Building a User-Friendly Website to Support CCDBG Implementation

May 19, 2016

consumer education guideThe Child Care and Development Block Grant (CCDBG) requires that states develop consumer education information for Child Care and Development Fund (CCDF) parents, providers, and the general public on the following topics:

  • The availability of child care assistance
  • The quality of child care providers (if available)
  • Research and best practices in child development
  • State/territory policies related to the social-emotional, behavioral, or mental health of young children (e.g., policies about the use of PBIS or suspension/expulsion policies for early childhood programs)
  • The following government-funded assistance programs:
    • Temporary Assistance for Needy Families (TANF)
    • Head Start and Early Head Start
    • Low-Income Home Energy Assistance Program (LIHEAP)
    • Supplemental Nutrition Assistance Program (SNAP)
    • Women, Infants, and Children (WIC) program
    • Child and Adult Care Food Program (CACFP)
    • Medicaid and State Children’s Health Insurance Program (SCHIP)
  • Programs and services available under the Individuals with Disabilities Education Act (IDEA)

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In a state and territory scan of state agency and select Child Care Resource and Referral (CCR&R) websites conducted in March and April of 2016, Child Care Aware® of America found that most states had implemented some, but not all, of the CCDBG consumer education website requirements. There is wide variation in how—and how well—states and CCR&Rs have presented consumer education information to families online.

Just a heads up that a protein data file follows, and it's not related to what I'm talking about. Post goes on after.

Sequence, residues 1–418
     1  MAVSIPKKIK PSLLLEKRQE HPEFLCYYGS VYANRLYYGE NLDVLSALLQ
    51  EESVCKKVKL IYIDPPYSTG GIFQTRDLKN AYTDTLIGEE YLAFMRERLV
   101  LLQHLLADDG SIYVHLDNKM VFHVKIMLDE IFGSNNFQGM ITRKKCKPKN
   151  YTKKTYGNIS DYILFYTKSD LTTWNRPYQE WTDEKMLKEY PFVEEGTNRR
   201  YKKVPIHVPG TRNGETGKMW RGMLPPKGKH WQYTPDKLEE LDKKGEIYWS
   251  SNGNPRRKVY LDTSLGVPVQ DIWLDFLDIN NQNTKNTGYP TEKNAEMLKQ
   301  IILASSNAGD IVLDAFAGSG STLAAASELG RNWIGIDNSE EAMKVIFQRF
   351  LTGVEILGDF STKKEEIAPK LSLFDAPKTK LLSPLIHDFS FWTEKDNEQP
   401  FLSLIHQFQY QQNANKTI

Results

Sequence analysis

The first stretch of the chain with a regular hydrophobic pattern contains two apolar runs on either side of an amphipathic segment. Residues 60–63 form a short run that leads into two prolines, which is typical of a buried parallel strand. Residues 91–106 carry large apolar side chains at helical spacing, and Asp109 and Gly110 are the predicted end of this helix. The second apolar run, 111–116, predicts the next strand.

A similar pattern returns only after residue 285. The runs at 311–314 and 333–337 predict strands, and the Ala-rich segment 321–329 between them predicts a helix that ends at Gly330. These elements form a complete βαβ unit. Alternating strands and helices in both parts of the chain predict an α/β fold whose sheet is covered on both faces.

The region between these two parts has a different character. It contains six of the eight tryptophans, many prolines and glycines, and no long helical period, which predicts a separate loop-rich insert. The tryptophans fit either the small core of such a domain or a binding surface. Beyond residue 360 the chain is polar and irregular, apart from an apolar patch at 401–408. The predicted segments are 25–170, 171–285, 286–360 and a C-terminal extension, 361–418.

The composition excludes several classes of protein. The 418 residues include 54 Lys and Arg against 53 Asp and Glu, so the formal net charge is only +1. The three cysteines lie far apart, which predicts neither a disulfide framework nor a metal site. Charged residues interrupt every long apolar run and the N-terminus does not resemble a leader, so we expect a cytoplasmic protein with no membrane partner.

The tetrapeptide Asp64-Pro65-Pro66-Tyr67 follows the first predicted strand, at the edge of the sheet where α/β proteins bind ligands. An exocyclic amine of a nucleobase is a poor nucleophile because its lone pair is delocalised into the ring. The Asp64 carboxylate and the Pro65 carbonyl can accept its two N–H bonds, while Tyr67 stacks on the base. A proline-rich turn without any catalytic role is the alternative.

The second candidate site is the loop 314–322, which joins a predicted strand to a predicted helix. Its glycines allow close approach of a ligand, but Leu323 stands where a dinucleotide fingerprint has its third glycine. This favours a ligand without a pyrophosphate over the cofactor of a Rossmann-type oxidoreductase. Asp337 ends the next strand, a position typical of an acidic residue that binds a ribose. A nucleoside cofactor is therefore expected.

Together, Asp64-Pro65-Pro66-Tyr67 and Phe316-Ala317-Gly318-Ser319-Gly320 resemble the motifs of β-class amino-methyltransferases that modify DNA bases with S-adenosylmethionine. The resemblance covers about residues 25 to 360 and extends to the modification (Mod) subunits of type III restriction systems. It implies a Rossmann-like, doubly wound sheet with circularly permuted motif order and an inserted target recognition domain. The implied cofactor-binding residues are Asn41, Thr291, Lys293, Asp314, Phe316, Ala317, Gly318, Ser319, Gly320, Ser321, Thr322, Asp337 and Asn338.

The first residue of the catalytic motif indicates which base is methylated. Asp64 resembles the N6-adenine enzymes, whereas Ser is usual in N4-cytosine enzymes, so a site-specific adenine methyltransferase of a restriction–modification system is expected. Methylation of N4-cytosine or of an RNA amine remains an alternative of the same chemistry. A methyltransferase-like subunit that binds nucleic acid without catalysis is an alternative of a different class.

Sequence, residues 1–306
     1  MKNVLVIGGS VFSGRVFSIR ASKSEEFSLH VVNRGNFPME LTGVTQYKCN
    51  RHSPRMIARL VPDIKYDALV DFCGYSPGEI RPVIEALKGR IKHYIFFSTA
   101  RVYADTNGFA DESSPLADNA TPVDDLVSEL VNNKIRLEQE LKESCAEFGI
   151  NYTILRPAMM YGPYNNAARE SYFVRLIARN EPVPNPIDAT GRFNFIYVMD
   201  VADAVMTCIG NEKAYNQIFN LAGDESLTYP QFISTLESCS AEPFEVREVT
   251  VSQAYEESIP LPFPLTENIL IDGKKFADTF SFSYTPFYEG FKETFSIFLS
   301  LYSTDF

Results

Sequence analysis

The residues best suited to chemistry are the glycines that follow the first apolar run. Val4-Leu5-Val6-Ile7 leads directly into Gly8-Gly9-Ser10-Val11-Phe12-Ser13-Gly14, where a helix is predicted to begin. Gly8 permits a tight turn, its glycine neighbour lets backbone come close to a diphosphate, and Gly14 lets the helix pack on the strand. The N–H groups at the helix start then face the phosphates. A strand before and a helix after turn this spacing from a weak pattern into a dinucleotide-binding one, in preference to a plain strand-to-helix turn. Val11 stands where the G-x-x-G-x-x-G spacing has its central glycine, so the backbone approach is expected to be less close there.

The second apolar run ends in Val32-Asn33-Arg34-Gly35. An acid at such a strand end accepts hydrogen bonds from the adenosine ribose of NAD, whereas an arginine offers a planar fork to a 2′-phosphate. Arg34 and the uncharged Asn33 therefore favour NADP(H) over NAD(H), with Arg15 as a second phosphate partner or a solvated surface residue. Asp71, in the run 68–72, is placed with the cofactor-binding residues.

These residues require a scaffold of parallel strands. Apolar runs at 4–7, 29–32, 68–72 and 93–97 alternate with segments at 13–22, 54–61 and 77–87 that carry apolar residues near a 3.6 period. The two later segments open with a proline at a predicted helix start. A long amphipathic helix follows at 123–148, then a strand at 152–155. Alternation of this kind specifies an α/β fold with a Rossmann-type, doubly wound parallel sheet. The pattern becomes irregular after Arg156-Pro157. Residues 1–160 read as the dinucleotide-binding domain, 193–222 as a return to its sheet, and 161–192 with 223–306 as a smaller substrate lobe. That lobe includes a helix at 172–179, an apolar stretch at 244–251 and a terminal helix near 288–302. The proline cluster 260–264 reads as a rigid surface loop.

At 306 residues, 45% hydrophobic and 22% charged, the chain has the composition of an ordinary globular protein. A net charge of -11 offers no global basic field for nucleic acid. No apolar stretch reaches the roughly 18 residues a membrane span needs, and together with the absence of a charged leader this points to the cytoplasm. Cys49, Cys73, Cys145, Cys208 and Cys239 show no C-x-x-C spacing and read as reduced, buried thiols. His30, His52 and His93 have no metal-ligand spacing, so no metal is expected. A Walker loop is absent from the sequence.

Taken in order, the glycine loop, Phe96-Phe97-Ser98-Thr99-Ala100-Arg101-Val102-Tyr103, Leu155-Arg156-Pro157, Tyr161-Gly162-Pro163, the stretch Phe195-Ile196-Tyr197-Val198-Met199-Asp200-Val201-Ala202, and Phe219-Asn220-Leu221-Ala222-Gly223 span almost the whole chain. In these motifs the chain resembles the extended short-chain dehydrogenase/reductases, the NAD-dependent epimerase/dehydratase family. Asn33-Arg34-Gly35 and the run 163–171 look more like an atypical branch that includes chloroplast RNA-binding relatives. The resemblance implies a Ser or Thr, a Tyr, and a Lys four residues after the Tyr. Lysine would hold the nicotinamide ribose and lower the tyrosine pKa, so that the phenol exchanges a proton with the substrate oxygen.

For years, CCR&Rs have been at the forefront of connecting children and families to child care services, other community services, and programs that foster the growth and development of children. They have done so via face-to-face meetings, telephone hotlines, and the internet. Now CCR&Rs (and states) must either launch new, or enhance existing, websites to meet the requirements of CCDBG.

While there is movement at the federal level on developing the national childcare.gov website, we also know that states must continue to play an important role in providing consumers with information on federally funded programs that have state-specific eligibility requirements. For this reason, we support states in their efforts to meet CCDBG requirements by developing content that is localized and meaningful.

 

Download the Consumer Education & Engagement Social Media Guide

Topics: Business Operations for CCR&Rs, Family & Community Engagement, Policy & Advocacy, Best Practices

Krista Scott

Written by Krista Scott

Krista Scott is an experienced child health expert working at the forefront of policy, advocacy and equity as the current Senior Director for Child Care Health Policy at CCAoA. For over 15 years, Ms. Scott has worked in public health and education, primarily in non-profit and government agencies, where she has honed her expertise in early childhood health, mental health, special education, program development and support and in using policies to strengthen practice. Ms. Scott has her bachelor’s degree in political science and her Master of Social Work with a focus on management and policy.